Since we are not a theatre company or a producing house, we are able to meet the playwright on their timeline, removing roadblocks and barriers as they arise, matchmaking new resources, and designing a custom path by which to move the play forward.
Like with many other new play development hubs, this starts with a workshop. As dramaturgically minded producers, we work with the playwright to bring together a room of people to take the play on the page to it’s next level. With no public showing following the workshop, unless requested by the playwright, they have the freedom to explore boldly.
We’ve just completed our second workshop of this year, Brendan Healy’s play TASTE, originally written while a part of the Seattle Repertory Theatre’s Writers Group, which includes a live cooking competition. Having received a few staged readings (Seattle Repertory Theatre, Northwest Playwrights Alliance, and New Century Theatre Company), it was key for Brendan to explore elements that traditional readings don’t allow for; in this case, actors making hot dishes on stage.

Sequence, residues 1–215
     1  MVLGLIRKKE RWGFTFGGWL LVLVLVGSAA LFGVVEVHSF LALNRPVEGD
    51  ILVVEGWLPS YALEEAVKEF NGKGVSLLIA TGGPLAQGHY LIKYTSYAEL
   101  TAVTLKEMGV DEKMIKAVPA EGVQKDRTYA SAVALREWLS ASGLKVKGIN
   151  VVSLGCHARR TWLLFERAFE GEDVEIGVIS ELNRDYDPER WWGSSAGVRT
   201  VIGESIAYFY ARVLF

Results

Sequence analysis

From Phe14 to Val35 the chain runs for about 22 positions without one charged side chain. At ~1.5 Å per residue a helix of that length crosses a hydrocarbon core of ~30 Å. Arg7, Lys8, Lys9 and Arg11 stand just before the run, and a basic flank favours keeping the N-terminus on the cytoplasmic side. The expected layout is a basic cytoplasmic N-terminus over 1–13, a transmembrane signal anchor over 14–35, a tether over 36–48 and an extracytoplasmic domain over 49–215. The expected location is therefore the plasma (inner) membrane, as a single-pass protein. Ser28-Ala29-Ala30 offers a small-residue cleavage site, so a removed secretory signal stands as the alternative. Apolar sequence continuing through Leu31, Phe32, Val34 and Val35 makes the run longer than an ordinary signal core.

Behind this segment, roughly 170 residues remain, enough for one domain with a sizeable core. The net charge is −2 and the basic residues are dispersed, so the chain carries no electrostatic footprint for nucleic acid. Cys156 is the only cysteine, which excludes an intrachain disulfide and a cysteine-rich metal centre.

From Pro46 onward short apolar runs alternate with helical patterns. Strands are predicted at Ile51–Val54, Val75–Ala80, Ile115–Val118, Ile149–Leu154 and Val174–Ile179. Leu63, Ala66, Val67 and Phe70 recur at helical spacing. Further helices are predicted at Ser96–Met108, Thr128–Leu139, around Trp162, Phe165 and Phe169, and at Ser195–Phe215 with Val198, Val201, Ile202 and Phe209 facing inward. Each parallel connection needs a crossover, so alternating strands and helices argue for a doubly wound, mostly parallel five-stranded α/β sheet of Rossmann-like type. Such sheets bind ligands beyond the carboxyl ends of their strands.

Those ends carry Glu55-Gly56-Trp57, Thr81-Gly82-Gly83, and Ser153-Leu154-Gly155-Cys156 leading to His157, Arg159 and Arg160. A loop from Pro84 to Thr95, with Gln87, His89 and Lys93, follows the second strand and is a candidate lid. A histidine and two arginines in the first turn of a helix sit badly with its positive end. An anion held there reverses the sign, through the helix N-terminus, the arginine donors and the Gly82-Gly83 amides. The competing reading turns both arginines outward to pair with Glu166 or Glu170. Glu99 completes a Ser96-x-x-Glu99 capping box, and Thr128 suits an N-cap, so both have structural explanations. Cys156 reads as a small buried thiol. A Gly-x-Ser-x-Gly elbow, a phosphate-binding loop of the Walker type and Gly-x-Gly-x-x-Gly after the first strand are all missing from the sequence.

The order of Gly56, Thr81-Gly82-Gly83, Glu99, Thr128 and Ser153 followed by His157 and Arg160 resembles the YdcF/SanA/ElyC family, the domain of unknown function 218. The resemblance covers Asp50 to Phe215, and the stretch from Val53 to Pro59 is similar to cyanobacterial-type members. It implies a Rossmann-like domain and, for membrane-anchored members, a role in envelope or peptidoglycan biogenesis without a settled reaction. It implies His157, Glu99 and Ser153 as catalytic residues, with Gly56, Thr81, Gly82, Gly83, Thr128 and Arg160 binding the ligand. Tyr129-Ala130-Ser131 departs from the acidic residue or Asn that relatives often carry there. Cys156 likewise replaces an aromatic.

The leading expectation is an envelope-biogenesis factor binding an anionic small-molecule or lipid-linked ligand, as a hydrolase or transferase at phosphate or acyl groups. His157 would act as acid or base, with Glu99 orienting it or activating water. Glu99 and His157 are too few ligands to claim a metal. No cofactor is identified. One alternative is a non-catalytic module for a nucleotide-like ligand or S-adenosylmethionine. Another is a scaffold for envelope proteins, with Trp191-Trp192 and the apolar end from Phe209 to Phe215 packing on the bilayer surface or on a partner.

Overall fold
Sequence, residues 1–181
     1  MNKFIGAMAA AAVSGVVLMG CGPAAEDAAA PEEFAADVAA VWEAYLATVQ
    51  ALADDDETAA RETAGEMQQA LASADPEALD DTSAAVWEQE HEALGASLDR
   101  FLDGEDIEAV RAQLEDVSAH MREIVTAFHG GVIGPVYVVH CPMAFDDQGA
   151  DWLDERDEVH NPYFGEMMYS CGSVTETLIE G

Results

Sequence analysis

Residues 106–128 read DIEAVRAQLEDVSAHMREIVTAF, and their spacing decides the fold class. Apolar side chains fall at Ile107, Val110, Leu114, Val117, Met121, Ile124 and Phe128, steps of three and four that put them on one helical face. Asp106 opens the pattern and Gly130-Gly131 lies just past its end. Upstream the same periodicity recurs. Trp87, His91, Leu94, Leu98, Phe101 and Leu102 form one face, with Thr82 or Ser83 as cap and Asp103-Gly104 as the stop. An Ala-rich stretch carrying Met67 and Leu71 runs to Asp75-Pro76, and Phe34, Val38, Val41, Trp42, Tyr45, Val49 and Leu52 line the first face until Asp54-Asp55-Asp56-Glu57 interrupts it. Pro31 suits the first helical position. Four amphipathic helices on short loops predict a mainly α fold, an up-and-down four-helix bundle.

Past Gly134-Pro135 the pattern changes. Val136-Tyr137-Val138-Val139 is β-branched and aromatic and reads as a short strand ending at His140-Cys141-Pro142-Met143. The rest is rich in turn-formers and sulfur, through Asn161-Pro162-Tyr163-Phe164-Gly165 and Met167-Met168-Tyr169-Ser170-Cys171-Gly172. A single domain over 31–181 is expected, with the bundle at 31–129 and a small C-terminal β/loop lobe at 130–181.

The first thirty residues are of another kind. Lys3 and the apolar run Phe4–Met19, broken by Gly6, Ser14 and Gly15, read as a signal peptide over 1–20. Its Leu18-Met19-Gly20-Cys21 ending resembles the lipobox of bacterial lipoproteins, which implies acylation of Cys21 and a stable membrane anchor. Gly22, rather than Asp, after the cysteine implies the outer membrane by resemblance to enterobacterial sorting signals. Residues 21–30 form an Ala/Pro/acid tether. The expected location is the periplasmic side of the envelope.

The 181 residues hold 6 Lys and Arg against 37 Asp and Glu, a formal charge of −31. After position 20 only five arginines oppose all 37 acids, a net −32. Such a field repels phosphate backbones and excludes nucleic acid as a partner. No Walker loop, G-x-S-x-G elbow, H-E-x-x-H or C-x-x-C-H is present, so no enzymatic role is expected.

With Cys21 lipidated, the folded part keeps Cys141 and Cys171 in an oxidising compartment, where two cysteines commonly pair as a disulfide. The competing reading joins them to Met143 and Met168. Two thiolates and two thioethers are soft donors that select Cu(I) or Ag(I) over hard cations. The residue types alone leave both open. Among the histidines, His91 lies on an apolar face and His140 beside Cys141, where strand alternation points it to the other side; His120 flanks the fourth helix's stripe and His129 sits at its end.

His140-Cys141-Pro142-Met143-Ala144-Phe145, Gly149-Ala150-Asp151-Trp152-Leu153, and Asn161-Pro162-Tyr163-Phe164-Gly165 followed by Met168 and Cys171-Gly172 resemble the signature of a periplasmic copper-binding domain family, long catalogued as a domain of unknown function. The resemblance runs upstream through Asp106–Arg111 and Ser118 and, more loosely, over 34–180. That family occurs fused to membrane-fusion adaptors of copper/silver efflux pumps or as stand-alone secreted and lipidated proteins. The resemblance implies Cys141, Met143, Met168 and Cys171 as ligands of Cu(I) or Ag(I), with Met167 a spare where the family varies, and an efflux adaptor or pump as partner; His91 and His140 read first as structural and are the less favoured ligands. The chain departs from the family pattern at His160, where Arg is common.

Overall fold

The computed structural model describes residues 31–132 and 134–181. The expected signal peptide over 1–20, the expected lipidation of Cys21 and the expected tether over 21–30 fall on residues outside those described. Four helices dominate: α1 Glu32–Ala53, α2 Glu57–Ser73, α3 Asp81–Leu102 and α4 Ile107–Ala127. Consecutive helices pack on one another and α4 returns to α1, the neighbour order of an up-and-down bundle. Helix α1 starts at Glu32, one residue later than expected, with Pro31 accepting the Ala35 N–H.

How does an Umbrella Project move forward after a workshop? Though each process is unique, here is our model for the new few steps:
First Look. Once the playwright and dramaturg feel the play is ready , we invite members of our network and potential producers or co-producers, to hear a reading of the play. Benjaminin Benne’s at the very bottom of a body of water, which received its First Look in July, is seeking its first production. Want to learn more? Email Erin for the inside scoop.
Premiere. Moving Emily Conbere’s Knocking Bird forward from it’s 2 year staged reading limbo, was a large part of what inspired Umbrella Project. After receiving it’s co-production at West of Lenin last fall, Knocking Bird is seeking its next production. Email Norah for the inside scoop.
Bridging Seattle to the National Conversation. For many new plays, the first production is also the last. “World Premiere” sounds so flashy and wonderful, but often it’s tough to find a second home for new work, even if it’s in a new community where it’s never been seen before. Umbrella Project works with our partners across the country to try to find a second stop for locally-grown scripts out into the great wide world. Advocating for opportunities for co-productions, rolling premieres with continued development, and trades.
Making Seattle a destination for new work is about sending plays out and bringing plays in. Partnerships with similarly minded organizations, like One Coast Collaboration (OCC), give us the opportunity to work with national playwrights and develop work in our community. In August, we partnered with OCC to bring Susan Stanton back to Seattle to workshop her play, Furball. Susan’s play The Things Are Against Us, premiered at Washington Ensemble Theatre earlier this year.
Our next workshop is at the end of this month. We’ll be heading down to Olympia for a weekend in the woods as we run our way through Arlitia Jones’s play Come to Me, Leopards.